Wretches & Paupers

“It is a wild March night. Winter and Summer, Spring-time and Autumn, the wind sings, or plains at my sitting-room window. Tonight its shout is less fierce than jocund to my ear, for it says, between the castanet passages of hail and sleet, that neither friend nor bore will interrupt our conference. Shutters and curtains are closed; the room is still, bright, and warm, and we are no longer strangers.

The poorest man of my acquaintance counts his money by the million, has a superb mansion he calls “home,” a wife and beautiful children who call him “husband” and “father.” He has friends by the score, and admirers by the hundred, for human nature has not abated one jot in prudential sycophancy since the Psalmist summed up a volume of satirical truth in the pretended ‘aside’ – ‘and men will praise thee when thou doest well unto thyself.’ For all that, ho of whom I write is a pauper, inasmuch as he makes his boast that he never experienced the emotion of gratitude. He has worked his own way in the world, he is wont to say: has never had helping hand from mortal man or woman. It is a part of his religion to pay for all he gets, and never to ask a favor. Nevertheless, he confesses, with a complacent smirk that would he amusing were it not so pitiable an exhibition of his real beggary—’that he would like to know what it feels like to be grateful,—just for the sake of the novel sensation!’

Poor wretch!”

Excerpt from: Breakfast, Luncheon and Tea by Marion Harland, published in 1875.

I, in some minds, may have acquired far too many cookbooks over the past several decades. When one looks closely, they tell a story, reflecting who I was, and who I have become.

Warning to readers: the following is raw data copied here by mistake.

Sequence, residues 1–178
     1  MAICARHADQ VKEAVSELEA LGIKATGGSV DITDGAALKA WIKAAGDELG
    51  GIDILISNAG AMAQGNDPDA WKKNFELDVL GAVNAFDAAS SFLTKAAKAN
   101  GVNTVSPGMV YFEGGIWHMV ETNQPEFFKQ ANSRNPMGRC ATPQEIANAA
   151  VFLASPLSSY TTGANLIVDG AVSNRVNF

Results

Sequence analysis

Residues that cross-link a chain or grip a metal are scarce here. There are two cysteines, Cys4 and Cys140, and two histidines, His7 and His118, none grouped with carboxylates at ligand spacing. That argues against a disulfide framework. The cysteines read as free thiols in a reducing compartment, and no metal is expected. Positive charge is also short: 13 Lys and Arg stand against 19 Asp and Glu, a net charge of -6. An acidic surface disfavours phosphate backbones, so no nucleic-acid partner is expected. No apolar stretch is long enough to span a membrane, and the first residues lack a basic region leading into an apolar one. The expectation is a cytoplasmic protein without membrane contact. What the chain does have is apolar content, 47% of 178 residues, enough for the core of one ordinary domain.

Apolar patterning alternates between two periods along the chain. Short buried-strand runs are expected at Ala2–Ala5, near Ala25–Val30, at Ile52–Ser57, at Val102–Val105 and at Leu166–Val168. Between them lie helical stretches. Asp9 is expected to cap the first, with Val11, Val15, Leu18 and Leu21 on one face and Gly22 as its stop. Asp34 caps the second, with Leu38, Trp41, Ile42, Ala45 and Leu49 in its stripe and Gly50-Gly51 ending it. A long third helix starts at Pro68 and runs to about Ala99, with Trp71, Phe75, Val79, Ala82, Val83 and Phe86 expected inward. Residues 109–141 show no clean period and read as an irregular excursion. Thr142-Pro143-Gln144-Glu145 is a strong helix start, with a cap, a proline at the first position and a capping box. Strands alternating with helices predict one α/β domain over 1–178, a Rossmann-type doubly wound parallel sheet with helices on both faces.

From the no-home-should-be-without Joy of Cooking, to Moosewood Cookbook vegetarian, basic cooking skills transitioned from the simplest white sauce to velvety Bechamel, plain biscuits to Stilton blue cheese stuffed Pate a Chioux, canned broths to 24-hour slow-cooked, layered in flavors of roasted vegetables and rich marrow bones, works of wonder.

Of late, I have become seduced by the idea of presentation, style, pairing of textures and flavours which enhance the pleasure of eating, for I’m told in glossy Martha mags that “presentation is everything….”

Then I discovered antique cookbooks. Like the man in the Marion Harlands essay, modern cookbooks, in comparison to her prosaic deconstructing of human nature into bites and pieces served as the main course, are but a wretch.

While her’s overflow with delicious mind and spirit nourishment, I find the majority of my cookbooks repugnant in their ideology, easily reduced to:

‘and men will praise thee when thou doest well unto thyself.’

I find myself longing to share a cup of tea with Marion Harland of 1875. No doubt there would be still-warm baked bread served with generous portions of freshly churned butter, a gently crackling log fire punctuating our thoughtful conversation focused on those we love, our dreams, the challenges of this life, taking precedence over hedonistic pleasures of palate.

Reading antique historical cookbooks restores to me the importance of simple pleasures and tastes, shifting food to its proper place. Not as the main course, but rather, a side dish to that which truly sustains us – enjoying the company and conversation of those gathered around our table. For in that, one can never become an ungrateful pauper.


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